Hairstyles

We Tried It: A Hands-Free Hair Dryer

Find out if you really can knit a scarf, pay your phone bill and play Words with Friends while you dry your hair

The at-home blowout has always eluded me. I blame it on a lack of upper body strength and hand-eye coordination. I just can't hold a heavy blow dryer for 30 minutes straight (yeah, it takes that long to dry) and maneuver a hairbrush the way you need to get that sleek salon style. My arms turn to noodles, the dryer slips and, for the life of me, I still can't figure out how people use a rounded brush with one hand.

I saw the Calista Tools Hands-Free dryer on the Home Shopping Network and my first thought was: it's one of those As Seen On TV products that make big promises it can't possibly deliver. In an online tutorial, the majority of the models demonstrating the hair dryer had shorter, pixie-like haircuts. But would it work on my long hair?

The Tool: The Calista Tools Hands-Free Home Salon Blow Dryer can be used as your everyday, run-of-the-mill blow dryer, and it converts into a hands-free blow-dryer, allowing you to use both hands to style your hair as it dries. The dryer comes with a base, a removable handle, a diffuser attachment and a concentrator attachment, and it has the standard High/Low, Hot/Warm and cool shot settings.

How it Works: To use it as a standard blow dryer, the handle slides over the nozzle and clicks into place. For hands-free use, the open end of the dryer fits over a base. The diffuser attachment (the one that looks like a fan) snaps to the top and pivots up and down, so you can adjust it to your height.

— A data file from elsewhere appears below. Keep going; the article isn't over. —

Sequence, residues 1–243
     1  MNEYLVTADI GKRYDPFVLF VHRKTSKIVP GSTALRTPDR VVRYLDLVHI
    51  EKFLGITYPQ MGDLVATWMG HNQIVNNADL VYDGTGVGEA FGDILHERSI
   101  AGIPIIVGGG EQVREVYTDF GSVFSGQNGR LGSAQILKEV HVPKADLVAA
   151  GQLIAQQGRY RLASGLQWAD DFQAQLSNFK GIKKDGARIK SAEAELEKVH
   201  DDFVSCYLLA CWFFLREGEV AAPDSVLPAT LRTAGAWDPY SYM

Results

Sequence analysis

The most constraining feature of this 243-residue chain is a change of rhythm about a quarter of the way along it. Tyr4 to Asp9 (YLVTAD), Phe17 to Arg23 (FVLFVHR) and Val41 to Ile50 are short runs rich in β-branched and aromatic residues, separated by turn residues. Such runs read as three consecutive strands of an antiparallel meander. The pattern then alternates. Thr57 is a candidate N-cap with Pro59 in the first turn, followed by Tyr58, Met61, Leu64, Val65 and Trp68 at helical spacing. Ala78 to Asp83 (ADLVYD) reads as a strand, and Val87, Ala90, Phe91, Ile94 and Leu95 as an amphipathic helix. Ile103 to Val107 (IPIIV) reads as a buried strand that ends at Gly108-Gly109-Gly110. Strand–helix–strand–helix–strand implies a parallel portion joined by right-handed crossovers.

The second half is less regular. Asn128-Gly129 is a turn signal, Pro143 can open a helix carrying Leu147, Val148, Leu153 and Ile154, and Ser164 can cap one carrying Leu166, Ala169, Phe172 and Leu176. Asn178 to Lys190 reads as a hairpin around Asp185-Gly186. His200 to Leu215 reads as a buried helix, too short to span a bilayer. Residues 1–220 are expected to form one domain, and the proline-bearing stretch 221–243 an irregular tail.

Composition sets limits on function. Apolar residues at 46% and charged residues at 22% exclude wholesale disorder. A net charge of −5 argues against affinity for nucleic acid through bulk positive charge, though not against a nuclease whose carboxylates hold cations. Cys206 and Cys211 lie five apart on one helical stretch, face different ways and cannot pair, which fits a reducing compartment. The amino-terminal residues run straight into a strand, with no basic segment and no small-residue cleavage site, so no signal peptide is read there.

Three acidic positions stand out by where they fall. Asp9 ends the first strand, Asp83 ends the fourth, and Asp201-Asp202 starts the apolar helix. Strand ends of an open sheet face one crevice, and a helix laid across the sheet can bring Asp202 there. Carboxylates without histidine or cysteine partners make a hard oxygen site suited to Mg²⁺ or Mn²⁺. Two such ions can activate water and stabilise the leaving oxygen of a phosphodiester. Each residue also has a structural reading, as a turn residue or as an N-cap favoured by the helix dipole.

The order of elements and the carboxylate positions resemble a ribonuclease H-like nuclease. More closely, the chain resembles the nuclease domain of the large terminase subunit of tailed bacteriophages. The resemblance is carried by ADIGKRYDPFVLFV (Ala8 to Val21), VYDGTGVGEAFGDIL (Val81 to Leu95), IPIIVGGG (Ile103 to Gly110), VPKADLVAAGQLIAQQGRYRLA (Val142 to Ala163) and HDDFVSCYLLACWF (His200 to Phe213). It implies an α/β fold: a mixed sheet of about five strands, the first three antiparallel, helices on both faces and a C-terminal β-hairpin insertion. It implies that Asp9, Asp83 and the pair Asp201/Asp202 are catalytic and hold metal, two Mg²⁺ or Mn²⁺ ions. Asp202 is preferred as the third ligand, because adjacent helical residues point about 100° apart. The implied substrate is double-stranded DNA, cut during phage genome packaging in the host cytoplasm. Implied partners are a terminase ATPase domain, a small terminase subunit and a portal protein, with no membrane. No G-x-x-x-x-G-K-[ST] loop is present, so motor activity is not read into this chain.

This Is How I Wanted It To Work
I abandoned the notion of a full blowout in exchange for a more laid-back morning blow dry. In my mind, I envisioned hopping out of the shower, setting up the Calista Tools dryer, and eating breakfast while watching "Scandal" as the dryer did the rest.

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How It Actually Worked
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This dryer requires some maneuvering to set it to the right, user-friendly height. I typically get ready sitting on the ground in front of a full-length mirror, but the air stream didn't hit my hair at this level. I tried setting it on my counter and sitting on a barstool, but I was too short for the air to hit my hair. I ended up setting the hair dryer on a stack of books get the right height.

When I used the hands-free function of the dryer, I had to stand up, sit down and do some awkward yoga-like poses to get all of my hair in front of the nozzle. Hands-free, yes. Easy? Not exactly. The dryer might be pure genius for someone with shorter hair sitting on a swiveling chair, but I was only able to dry the front sections of my hair.

The hands-free feature didn't work for me, but I loved the lightweight design of the dryer -- no chance of a getting a case of tennis elbow with this one. (It's even lighter than our staff favorite -- The Harry Josh Pro Tools Dryer 2000.) The dryer's power had the same force as the Conair dryer I typically use (they're both 1875 watts). Also worth nothing: the cool shot on this dryer does actually feel cool, not lukewarm like most of the dryers I've tested. As for the dream of a perfectly styled at-home blowout? I'm sticking with a trip to the salon.
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